Our joy was short-lived.  The next Saturday, Jacobs came by with the building inspector.   Turned out that once you disturbed an existing structure, it was no longer grandfathered under the town code.  The bungalow now needed a cement foundation.  Moreover, with Jacobs’ prompting, the inspector allowed that the move may have caused some damage.   His quick check revealed a few fresh cracks in the walls and one really bouncy spot in the floor.  An appointment was made for a full inspection during the week.  Before leaving, the inspector expressed his regrets. 
            “I heard about how you folks moved this place by hand.  That was pretty amazing. Still, I’m concerned that the building may have been rendered unsafe and therefore uninhabitable.”  
            Uncle Sal broke the news to Grandma.  She understood and went to console Uncle Angelo.
            Jacobs was not taking any chances.  When walking through with the inspector, he’d also noticed the soft spot in the floor.  Now, he figured to help it along.  He waited until we left on Sunday night.    Jacobs knew Grandma often stayed in the front building but he didn’t care about her, and no one else was going to hear him.   He walked into the unlocked back bungalow and went straight to the suspect floorboards.  One good kick would leave a crack that no sympathetic inspector could overlook.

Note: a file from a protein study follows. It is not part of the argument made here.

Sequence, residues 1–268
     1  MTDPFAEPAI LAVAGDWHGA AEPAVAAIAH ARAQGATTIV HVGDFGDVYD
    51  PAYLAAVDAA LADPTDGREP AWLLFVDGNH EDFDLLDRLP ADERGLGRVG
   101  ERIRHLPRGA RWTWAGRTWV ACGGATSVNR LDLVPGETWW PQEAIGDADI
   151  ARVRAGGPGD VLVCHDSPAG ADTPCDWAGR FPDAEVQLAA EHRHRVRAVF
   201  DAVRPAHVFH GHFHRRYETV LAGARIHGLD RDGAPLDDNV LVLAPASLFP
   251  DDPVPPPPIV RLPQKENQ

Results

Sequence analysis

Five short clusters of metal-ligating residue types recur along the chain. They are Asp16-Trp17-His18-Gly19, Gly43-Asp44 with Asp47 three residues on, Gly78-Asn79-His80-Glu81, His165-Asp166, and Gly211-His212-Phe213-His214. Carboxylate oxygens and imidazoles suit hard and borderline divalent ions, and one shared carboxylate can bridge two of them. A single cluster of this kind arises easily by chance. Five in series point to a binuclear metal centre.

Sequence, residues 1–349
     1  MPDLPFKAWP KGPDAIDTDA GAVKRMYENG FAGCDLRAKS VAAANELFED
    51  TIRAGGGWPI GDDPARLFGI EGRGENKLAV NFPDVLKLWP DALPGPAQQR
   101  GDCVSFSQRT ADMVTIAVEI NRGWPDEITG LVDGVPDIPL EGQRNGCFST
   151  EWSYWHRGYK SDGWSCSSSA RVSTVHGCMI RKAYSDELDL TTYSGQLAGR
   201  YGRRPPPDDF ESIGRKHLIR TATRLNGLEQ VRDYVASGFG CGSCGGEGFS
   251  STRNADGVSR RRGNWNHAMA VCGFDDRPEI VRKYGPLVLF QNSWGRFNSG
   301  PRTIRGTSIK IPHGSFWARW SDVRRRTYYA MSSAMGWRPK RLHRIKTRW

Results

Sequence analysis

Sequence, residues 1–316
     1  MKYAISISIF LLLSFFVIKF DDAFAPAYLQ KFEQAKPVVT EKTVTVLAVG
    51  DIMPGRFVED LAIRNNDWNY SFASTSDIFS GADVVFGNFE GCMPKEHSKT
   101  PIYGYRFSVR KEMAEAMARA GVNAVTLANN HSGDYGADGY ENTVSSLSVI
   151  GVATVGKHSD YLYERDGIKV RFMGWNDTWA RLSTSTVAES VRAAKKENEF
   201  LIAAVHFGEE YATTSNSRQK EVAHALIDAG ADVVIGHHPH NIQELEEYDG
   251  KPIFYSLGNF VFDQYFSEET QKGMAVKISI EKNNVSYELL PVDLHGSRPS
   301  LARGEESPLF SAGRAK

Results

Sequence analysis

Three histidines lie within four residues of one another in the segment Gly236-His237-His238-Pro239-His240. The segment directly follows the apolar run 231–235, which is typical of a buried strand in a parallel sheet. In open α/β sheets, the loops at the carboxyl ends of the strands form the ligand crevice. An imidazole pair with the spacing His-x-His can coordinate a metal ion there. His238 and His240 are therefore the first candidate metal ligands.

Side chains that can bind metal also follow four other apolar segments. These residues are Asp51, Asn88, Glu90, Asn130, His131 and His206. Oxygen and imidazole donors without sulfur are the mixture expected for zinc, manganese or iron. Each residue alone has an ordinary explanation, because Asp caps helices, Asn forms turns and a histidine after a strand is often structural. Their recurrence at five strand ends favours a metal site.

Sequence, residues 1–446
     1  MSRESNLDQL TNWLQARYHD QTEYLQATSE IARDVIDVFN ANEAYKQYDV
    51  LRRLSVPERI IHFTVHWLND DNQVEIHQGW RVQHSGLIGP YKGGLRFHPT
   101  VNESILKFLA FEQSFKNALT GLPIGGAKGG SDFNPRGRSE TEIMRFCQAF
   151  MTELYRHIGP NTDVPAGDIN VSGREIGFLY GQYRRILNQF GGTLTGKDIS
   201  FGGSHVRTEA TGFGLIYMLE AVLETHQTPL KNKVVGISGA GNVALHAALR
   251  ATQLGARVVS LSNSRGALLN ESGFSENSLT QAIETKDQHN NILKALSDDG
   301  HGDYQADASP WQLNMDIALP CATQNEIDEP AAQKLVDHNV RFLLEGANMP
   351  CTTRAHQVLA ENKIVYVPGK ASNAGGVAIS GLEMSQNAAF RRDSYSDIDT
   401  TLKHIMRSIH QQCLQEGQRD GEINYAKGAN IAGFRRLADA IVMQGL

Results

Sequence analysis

Jacobs had not been in the service due to some kind of an ear injury. “Just like Sinatra,” he said.   A self-described “military enthusiast,” Jacobs was forever whistling the catchy theme from The Bridge on the River Kwai.  In fictionalizing the tragic Burma Railway, the 1957 film had portrayed unbreakable human spirit as well as amazingly durable hardwood.  Our little bungalow had nice spirit but had been built on soft pine laid atop sand near a great body of salt water.  Durable, it was not.
            While he only meant to leave a crack, Jacobs’ angry kick drove his boot right through the floor and into the soft sand below.  As quickly as he could say “oh s**t,” the buzzing began.  The stings followed a second later.  Jacobs tried to stand, but the bungalow held him like a Chinese finger trap.  The more he squirmed, the tighter it squeezed.  As splinters bit into his thigh, hornets swarmed his lower leg.  Drops of his hot blood only added to the displaced insects’ enthusiasm.